individualistic, while the 19th century saw increasing social
responsibility. We don't want a new Victorian era based on the fear
of hellfire. But we do want a culture of greater caring based on
reason and on the new science of happiness, which provides so much
more evidence on what really makes people happy.
- But isn't happiness a by-product? J.S.
Mill argued just this, and of course we should not be asking
ourselves if we are happy all the time. But we certainly should
think a great deal about whether other people are happy - they
won't become happy if we think of their happiness as a by-product.
And sometimes, if we're discontented, we should think about how we
could become more contented ourselves, and use some of the evidence
to become so.
- But what about fairness? How exactly
should we think about other people? Where does fairness come in?
Fairness is about the way in which happiness is distributed. If we
care about fairness, we should pay more attention to reducing
misery than to increasing the happiness of people who are already
happy. This point was overlooked by Bentham, but it should apply to
us individually and to the practice of government.
- The role of government? Governments have
of course always been interested in lots of things besides economic
growth. They have been concerned with the relief of misfortune and
with producing peaceful, civilised communities. But it's now more
obvious than before that a happier society will require government
to care increasingly about the values which children acquire in
school, about mental health and more generally how people behave to
When the first edition of my book on happiness came out, it
attracted mostly favourable reviews, but two were very critical.
One was called The Bureaucrats of Bliss and the other The Happiness
Police. But putting happiness first would never lead to a police
state because freedom is one of the basic determinants of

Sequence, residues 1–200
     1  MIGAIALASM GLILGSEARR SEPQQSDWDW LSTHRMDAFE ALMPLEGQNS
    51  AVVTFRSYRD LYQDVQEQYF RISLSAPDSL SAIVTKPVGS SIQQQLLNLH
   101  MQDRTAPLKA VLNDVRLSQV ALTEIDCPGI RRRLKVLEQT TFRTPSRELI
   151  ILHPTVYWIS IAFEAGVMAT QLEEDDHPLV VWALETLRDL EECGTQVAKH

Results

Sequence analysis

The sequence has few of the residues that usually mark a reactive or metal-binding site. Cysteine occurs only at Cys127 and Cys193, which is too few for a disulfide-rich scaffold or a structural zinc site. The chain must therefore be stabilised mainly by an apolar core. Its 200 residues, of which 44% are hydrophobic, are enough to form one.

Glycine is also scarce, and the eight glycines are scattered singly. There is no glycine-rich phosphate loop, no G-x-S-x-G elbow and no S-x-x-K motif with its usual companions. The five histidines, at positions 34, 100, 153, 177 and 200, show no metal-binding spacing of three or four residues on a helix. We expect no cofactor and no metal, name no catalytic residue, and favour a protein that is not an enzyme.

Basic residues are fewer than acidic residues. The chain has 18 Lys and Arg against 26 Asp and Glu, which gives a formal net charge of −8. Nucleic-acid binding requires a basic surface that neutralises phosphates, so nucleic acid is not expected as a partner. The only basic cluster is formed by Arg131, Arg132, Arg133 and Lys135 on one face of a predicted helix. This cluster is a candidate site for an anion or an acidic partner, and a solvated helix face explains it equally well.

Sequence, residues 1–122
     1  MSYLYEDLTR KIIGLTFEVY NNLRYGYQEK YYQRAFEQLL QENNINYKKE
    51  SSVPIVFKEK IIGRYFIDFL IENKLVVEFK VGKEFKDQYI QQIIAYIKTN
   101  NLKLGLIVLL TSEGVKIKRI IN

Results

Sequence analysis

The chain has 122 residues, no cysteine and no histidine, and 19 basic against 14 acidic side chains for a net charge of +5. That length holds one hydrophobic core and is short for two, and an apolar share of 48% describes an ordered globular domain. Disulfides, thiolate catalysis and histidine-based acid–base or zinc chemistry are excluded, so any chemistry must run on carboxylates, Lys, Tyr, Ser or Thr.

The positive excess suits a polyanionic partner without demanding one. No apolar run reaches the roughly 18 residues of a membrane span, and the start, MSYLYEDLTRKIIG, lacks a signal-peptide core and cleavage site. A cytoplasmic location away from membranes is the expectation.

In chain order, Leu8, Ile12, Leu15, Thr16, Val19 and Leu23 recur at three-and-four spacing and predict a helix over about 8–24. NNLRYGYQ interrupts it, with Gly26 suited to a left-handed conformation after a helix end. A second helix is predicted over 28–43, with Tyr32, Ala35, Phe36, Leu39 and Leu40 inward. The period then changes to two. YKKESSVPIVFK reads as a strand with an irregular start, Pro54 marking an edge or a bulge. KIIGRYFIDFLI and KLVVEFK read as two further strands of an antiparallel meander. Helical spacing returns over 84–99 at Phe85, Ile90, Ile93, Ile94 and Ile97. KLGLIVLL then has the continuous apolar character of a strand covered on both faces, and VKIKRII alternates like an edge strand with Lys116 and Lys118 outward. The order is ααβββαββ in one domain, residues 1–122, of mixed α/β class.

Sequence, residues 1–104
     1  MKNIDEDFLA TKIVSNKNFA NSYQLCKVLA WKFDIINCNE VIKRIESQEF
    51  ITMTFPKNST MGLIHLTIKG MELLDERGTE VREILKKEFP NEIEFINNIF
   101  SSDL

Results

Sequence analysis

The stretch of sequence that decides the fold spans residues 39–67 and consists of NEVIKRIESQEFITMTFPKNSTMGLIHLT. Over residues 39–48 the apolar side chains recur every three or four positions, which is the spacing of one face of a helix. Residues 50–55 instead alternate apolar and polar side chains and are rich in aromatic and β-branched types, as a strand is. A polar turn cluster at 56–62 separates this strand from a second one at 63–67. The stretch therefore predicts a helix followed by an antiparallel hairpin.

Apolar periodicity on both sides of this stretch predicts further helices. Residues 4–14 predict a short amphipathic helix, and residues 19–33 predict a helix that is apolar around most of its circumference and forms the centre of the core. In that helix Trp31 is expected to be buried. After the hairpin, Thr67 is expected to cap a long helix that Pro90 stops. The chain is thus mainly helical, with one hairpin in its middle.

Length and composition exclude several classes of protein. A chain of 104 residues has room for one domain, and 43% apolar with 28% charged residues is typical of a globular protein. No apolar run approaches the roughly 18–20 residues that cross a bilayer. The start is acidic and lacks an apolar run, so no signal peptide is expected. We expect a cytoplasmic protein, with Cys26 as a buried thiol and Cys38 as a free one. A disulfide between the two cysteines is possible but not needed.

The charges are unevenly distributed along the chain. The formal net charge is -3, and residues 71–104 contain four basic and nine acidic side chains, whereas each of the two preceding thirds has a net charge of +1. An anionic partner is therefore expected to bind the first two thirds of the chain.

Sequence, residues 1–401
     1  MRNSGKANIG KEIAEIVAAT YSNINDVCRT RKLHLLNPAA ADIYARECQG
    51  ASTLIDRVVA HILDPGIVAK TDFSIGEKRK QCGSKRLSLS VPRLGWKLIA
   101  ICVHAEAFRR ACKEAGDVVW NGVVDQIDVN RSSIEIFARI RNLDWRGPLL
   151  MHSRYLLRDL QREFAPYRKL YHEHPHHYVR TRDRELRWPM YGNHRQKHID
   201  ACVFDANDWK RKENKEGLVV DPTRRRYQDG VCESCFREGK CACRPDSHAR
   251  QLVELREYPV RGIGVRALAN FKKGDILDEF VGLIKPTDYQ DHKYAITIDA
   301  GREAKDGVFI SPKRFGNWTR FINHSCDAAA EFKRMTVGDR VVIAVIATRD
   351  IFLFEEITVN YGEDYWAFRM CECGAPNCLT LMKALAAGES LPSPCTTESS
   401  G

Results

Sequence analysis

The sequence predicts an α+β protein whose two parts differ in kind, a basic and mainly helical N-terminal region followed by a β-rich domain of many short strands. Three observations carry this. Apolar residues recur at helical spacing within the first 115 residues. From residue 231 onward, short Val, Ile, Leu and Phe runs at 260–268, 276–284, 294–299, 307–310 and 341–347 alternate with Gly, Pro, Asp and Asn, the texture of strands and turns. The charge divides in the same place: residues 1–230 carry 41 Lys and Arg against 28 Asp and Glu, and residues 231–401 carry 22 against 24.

- But can happiness be measured? It can.
You can ask people how happy they are and you will find that their
answers are well-correlated with what you would expect, both with
likely causes of happiness (like finding a job) and likely
consequences (like quitting one). They are also correlated with
what your friends report and with objective measurements of
electrical activity in the relevant parts of the brain.
- But is happiness fluffy? No. It is the
basic aspiration of every human being. It is what we most want for
our children. And it is the theme of much of the world's greatest
So the two propositions with which I began have strong
philosophical foundations. What do they imply for the actions of
individuals and of government?
It is best to start with individuals, because unless individuals
have good values it is difficult to see why they would elect a
government that acted well. So we want individuals to derive their
happiness as far as possible from contributing to the happiness of
others. As Aristotle saw so clearly, people will only behave
virtuously out of habit - because this is the way you have grown up
to behave from an early age. It is also much more likely if you
belong to an organisation of like-minded people committed to the
same way of living and drawing strength from it.
That is why Geoff Mulgan, Anthony Seldon and I have launched a
movement called Action for Happiness. As I write, the movement is
only one week old but it already has 12,000 members from 99
countries. There is clearly a hunger out there - people who feel
that life could be better if collectively they dared more often to
express their better selves.
Our hope is they will form local groups, with common beliefs
which they discuss and which they put into practical action in
whatever way makes sense to them. Thus the movement's website
offers 10 keys to happier living (fundamental principles) and 50
actions on which groups can draw in deciding how to implement their
beliefs. For each action an evidence base is provided, which shows
what improvements it may lead to. The actions run from very
private, like learning to meditate, to actions in your family or